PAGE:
Now Star Wars has a lot of other problems (the prophecy, for example), but that's a rant for another day.  The problem I have is that the Jedi Council, which respects control and logic, and Yoda, who sees the Dark Side in the boy's future, throws caution to the wind and decides to take the advice of someone they haven't let on the Council because of his terrible advice.  And then they raise this boy, telling him the whole time that he is the Chosen One and the strongest Force user in the temple.  Now what about that plan could possibly go wrong?

Okay so that was a rant.  Now let's look at how to make this Chosen One thing a little better.

1. Make sure your Chosen One really is the only person who can solve your problem.
This is going to be difficult, but if you want a Chosen One, he must be the ONLY one.  Otherwise there's no point.  Maybe he's the only one willing to do it (this is an argument in Frodo's favor), or maybe special circumstances make other people incapable of doing the task.  Maybe by some freak accident your character is the only person in the world who can survive the bite of a massive snake which is killing everyone.  Maybe your character is the last of their kind, and their "kind" had some special power.  I'm sure there's a way to make your person the only person available for the task.

2. Give your character realistic coping skills.
If I were under the amount of pressure that Harry Potter was, I would probably be a stressed out puddle.  If I discovered I had to take a ring which was devouring my mind all the way to a huge volcano while fighting an evil dark lord who was trying to get the ring so he could rule the world, I would hide under my bed and never ever ever leave my house again.  Or speak to wizards, for that matter.  I'm sure there are people who, when faced with such a task, push down their doubts and high stress levels and deal, but where are they?  Because I haven't met any.  If you want your Chosen One to have a very strong and determined personality, that's all fine and well.  Just make sure that they deal with their problems realistically, whether that means "grin and bear it" or "panic attack".

3. Add a sign from above.
We're told that the Force chose Anakin Skywalker.  Heck, the Force created Anakin Skywalker.  If this were done a little better, it would have lined him up perfectly as the obvious Chosen One.  In Moana the ocean chose one person to restore life to the islands.  If you have a deity or group of deities in your story, there's nothing stopping them from having a say in the matter.  Of course you'll have to think of good reasons for them to want that one emotionally unstable and angsty teenager, but it will be a little easier.  Remember, Qui-Gon's "it's the will of the Force" shut up the entire Jedi Council and made Anakin the center of attention.  If all else fails, a clear sign from the heavens would probably be enough to convince the rest of your characters, if not your readers.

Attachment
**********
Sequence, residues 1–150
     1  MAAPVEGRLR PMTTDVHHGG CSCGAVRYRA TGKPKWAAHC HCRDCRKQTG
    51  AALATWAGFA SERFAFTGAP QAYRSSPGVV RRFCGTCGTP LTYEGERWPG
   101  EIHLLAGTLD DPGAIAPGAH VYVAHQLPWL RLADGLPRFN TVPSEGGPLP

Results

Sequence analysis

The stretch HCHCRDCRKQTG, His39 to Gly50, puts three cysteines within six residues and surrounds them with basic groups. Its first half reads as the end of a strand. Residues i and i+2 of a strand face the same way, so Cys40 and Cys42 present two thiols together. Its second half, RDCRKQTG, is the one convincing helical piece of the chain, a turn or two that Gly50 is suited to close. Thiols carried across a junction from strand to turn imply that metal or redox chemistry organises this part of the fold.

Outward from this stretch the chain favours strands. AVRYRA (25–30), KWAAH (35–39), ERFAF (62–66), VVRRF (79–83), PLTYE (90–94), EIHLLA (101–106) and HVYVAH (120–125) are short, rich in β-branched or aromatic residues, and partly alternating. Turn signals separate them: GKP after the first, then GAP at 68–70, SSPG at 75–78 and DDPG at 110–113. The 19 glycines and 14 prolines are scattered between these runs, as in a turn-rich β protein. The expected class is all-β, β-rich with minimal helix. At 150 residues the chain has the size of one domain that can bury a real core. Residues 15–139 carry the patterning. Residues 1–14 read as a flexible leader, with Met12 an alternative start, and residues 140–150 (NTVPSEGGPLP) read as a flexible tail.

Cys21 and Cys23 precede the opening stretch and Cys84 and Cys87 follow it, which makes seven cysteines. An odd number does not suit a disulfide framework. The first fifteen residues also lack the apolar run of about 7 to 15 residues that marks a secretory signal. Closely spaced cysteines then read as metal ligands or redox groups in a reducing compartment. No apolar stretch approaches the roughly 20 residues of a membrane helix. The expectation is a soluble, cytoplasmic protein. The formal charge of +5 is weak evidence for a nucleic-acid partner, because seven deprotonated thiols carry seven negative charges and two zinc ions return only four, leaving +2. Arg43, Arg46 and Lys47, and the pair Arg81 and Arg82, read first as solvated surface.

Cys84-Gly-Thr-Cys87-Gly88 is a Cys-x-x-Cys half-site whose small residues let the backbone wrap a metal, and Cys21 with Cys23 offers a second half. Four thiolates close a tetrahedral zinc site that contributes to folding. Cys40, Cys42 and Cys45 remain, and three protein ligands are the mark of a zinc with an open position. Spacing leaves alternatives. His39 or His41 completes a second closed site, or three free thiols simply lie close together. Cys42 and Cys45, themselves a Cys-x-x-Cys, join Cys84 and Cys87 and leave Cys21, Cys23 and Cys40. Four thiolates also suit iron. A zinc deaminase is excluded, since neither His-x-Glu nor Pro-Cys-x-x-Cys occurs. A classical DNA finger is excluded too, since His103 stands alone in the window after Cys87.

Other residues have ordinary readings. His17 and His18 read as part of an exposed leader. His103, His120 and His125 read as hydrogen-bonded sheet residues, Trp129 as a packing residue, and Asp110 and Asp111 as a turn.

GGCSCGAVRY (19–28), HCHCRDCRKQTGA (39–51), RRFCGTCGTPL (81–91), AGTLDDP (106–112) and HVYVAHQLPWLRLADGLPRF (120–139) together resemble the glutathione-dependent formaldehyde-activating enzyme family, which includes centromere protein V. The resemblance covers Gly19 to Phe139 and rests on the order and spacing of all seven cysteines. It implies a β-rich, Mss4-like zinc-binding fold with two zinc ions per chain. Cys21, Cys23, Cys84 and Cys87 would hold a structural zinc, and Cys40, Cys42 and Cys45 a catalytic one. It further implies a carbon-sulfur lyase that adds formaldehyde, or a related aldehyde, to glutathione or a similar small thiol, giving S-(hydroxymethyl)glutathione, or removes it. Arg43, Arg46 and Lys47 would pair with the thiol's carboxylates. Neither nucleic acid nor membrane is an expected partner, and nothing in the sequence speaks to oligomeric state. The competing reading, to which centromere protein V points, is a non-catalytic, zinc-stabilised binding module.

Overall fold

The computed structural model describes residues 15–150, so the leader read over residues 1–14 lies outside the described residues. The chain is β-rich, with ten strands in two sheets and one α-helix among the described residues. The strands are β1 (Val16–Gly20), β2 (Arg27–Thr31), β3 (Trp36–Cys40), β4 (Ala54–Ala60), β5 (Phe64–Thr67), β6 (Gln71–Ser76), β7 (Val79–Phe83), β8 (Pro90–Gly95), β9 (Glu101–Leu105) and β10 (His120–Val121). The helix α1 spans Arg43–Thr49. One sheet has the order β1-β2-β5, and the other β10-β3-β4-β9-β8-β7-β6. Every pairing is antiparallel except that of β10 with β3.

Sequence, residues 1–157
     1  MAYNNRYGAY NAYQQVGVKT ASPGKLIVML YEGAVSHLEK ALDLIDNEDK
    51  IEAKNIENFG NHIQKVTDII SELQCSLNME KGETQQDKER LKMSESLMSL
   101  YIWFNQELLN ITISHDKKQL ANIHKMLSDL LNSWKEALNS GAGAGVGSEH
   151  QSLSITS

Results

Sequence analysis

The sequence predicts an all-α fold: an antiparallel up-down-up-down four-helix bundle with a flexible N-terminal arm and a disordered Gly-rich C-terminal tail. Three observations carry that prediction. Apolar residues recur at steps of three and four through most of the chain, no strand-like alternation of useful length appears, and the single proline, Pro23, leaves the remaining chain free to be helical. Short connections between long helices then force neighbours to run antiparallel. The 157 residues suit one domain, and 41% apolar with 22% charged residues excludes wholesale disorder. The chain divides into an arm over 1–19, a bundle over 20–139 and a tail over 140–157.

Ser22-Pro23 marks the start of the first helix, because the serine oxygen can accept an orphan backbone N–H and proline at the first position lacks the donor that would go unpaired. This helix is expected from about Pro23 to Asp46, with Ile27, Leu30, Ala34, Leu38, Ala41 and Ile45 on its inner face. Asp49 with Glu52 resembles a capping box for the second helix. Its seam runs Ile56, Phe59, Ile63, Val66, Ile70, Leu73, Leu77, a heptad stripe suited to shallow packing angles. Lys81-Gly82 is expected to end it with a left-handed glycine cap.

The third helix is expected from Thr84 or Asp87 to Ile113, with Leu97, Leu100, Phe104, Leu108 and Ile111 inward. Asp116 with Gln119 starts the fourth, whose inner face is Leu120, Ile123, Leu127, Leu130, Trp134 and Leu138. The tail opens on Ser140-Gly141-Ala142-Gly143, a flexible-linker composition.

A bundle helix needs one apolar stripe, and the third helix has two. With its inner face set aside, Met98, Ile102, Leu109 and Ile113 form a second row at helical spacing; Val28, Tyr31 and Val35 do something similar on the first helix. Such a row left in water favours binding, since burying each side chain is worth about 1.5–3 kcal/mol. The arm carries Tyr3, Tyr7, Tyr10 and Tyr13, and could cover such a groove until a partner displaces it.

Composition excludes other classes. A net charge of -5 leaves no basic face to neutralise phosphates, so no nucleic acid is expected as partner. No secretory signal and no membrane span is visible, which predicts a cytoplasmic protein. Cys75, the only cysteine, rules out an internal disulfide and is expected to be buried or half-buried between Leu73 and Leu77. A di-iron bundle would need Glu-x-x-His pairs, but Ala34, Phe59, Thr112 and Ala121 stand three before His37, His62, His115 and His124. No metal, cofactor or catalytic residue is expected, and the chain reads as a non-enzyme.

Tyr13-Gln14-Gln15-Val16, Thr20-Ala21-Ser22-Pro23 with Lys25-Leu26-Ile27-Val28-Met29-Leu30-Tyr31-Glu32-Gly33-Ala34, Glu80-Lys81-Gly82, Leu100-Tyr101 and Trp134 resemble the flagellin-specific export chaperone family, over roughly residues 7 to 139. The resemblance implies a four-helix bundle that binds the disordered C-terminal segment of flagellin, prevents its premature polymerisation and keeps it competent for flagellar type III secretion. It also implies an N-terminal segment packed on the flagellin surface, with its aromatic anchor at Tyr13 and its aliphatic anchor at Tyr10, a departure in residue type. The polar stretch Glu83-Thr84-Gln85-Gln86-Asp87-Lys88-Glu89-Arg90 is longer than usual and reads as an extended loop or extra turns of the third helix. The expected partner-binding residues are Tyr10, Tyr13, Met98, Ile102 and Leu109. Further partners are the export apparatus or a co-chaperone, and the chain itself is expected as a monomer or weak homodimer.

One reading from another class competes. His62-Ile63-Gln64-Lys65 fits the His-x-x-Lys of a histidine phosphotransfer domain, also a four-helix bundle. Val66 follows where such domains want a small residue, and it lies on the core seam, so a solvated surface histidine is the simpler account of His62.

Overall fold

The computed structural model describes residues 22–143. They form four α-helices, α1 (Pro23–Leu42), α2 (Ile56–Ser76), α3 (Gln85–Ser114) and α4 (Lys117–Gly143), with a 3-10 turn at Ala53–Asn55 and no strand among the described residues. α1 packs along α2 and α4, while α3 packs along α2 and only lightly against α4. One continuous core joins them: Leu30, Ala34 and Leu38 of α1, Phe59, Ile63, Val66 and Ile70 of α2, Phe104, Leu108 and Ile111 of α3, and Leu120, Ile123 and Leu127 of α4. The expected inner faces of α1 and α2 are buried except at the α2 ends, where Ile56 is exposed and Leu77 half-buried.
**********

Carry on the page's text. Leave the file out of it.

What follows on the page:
As a side note, what if there was some really complicated series of events that had to happen to one specific person, and if those things happened that person was destined to save the world?  And then what if you had a really bumbling character who completely unintentionally had those events happen to them?  I would read that.

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4. Have your character volunteer, or bring the task upon herself. 
No one can argue with your character making herself the Chosen One because she wants to do it.  I mean, who are you to deny that person their quest?  Katniss is a good example of this.  She became the face of the revolution because she's the one that stood up and made her voice heard.  While he was put under a lot of pressure, in the end Frodo did volunteer to take the ring to Mordor.  If you're having trouble justifying why one particular person is the only person who can solve a problem, why not have the person just up and choose it herself?  This is even better if everyone else thinks it's a terrible idea and Ginny should absolutely not try to take on the entire galaxy, but Ginny wants to do it, so why would they argue?  At least it's not their necks being put on the line.

Image result for good luck storming the castle gif

So there you have it.  How to make your Chosen One less questionable.  I hope this helps.  This post has been very long, unusually long, in fact, so here are some cute hamsters for reading my rambling all the way to the end.  

Image result for cute hamster gif